Services now account for two-thirds of FDI flows and roughly the same percentage of FDI stock. In volume terms, the inward stock of services FDI quadrupled from $950bn to $4000bn between 1990 and 2002. In the 1970s, services were a mere 25% of FDI stock.

What is more, the importance of services is going to grow as they become tradable. Currently only 10% of world services output is traded, compared with more than 50% of goods production – hardly surprising since historically the supply of services has meant being close to the customer.


But the growth of information and communication technologies is changing the situation. If information can be codified, standardised and digitised, services can be located anywhere and broken down into their component parts. Just as the globalisation of manufacturing caused a revolution in FDI in the 1970s and 1980s, so the globalisation of services is causing the same kind of upheaval now. The controversy over offshoring is a key part of this as the jobs of workers in developed countries come under threat in a way they were not a few years ago.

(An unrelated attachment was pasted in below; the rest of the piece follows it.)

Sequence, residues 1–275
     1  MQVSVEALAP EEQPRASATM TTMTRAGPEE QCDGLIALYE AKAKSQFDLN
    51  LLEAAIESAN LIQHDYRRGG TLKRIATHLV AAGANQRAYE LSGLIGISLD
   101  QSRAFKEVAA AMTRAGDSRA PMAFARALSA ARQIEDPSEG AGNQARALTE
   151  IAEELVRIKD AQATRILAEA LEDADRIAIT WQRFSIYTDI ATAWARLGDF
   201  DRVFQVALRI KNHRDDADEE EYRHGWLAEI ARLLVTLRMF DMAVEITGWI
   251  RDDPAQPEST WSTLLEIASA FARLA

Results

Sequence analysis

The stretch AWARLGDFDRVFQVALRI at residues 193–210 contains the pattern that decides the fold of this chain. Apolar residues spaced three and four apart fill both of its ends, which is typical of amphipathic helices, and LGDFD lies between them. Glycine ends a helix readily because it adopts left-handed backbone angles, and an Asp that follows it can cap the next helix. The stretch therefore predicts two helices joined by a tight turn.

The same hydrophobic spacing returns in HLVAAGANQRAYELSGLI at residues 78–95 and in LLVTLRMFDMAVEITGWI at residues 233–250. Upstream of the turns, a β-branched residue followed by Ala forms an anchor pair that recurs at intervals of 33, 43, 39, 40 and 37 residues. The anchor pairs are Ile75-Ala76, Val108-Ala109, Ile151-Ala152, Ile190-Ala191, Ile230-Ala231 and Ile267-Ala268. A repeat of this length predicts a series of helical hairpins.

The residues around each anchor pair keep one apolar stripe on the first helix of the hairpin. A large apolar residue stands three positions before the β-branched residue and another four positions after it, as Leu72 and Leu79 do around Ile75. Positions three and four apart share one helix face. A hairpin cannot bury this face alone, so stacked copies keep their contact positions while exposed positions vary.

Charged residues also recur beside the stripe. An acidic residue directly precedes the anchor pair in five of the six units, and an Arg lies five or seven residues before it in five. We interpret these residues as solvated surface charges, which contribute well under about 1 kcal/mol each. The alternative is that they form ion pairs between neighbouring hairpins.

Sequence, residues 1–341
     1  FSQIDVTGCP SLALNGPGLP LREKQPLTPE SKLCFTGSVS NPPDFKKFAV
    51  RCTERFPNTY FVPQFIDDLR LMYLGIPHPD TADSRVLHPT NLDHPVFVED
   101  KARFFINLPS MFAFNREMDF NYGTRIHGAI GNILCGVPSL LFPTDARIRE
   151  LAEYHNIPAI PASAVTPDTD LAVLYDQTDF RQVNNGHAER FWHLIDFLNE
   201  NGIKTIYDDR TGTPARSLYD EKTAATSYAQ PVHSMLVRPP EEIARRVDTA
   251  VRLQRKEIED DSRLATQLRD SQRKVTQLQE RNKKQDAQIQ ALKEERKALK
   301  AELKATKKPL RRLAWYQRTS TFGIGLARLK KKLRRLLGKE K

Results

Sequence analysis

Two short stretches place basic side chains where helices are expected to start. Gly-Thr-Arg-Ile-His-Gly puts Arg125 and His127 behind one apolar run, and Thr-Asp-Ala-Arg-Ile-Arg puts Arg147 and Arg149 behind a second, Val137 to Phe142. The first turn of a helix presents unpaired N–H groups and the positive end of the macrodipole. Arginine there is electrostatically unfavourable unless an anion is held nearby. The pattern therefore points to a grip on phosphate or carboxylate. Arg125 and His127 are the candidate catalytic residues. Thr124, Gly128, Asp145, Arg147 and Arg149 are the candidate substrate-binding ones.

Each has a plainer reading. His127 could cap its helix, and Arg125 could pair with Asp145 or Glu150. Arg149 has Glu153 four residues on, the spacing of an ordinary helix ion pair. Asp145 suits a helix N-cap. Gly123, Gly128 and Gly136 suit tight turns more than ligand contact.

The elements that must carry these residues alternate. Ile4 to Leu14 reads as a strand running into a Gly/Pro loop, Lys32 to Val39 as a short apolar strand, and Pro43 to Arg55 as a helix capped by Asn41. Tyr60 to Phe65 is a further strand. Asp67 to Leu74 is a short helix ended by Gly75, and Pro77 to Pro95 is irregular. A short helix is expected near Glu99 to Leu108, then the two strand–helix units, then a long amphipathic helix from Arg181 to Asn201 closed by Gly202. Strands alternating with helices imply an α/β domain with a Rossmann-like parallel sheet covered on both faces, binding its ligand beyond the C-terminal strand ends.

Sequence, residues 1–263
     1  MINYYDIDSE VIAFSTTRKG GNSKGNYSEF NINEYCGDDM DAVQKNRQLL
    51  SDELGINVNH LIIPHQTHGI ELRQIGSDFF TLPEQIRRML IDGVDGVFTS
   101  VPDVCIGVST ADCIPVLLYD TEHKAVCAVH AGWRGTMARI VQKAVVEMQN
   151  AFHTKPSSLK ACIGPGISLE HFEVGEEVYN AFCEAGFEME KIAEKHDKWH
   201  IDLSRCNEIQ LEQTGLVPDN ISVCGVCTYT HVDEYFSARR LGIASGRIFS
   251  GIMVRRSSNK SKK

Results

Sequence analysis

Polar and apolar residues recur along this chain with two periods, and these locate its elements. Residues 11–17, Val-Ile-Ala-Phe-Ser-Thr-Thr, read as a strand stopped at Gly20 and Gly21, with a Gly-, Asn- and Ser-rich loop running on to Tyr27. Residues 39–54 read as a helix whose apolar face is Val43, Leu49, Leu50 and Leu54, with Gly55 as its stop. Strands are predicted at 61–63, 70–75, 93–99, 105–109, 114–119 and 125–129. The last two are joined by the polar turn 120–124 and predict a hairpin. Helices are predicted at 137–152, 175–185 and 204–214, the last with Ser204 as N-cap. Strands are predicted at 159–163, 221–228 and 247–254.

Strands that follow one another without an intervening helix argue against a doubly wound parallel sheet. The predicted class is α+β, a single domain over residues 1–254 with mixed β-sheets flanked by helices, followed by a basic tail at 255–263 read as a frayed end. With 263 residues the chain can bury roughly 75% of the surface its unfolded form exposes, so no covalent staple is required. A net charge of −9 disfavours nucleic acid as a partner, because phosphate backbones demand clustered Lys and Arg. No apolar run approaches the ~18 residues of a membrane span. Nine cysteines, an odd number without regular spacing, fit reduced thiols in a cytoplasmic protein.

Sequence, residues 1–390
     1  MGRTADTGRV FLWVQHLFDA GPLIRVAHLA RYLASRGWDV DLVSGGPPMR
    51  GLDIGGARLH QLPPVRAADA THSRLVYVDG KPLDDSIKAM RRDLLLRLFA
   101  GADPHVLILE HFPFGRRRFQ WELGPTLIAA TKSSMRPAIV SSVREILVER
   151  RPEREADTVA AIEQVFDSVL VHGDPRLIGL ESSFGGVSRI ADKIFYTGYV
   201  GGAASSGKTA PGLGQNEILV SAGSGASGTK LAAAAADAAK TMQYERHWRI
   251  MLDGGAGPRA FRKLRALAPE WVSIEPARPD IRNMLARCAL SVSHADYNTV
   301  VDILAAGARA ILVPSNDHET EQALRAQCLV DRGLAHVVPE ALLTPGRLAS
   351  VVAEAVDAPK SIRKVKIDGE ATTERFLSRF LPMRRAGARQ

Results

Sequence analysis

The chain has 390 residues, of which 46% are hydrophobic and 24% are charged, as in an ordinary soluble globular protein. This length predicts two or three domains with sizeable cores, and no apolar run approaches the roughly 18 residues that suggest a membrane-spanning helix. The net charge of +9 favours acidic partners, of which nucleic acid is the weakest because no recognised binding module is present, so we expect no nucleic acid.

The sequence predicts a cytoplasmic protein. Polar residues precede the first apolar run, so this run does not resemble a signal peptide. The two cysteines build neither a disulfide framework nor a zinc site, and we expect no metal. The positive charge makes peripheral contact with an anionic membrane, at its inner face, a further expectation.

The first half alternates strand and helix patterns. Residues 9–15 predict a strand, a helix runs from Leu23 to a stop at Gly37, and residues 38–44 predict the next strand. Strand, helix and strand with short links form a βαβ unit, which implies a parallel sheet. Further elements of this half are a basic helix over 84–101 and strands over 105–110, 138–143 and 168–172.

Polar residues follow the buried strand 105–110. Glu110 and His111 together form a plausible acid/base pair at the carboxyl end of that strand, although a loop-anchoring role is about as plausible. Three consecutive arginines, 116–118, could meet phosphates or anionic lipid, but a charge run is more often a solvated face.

Unctad’s latest World Investment Report, The Shift Towards Services, outlines these trends and one of the organisation’s senior economists, Torbjorn Fredriksson, has contributed a specially written article on the subject (page 52).

The challenge now is for investment promotion agencies to adapt their marketing strategies to this new situation. It’s important not to have a knee-jerk reaction where every location, however unsuitable, targets services.

But IPAs need to understand the changing trends and ensure they are on top of them. A new strategy to achieve this, developed by Oxford Investment Research, is described in Think Tank (page 90).

Finally, this issue sees the completion of our European Cities and Regions of the Future competition. Congratulations to Barcelona and Scotland for coming out on top!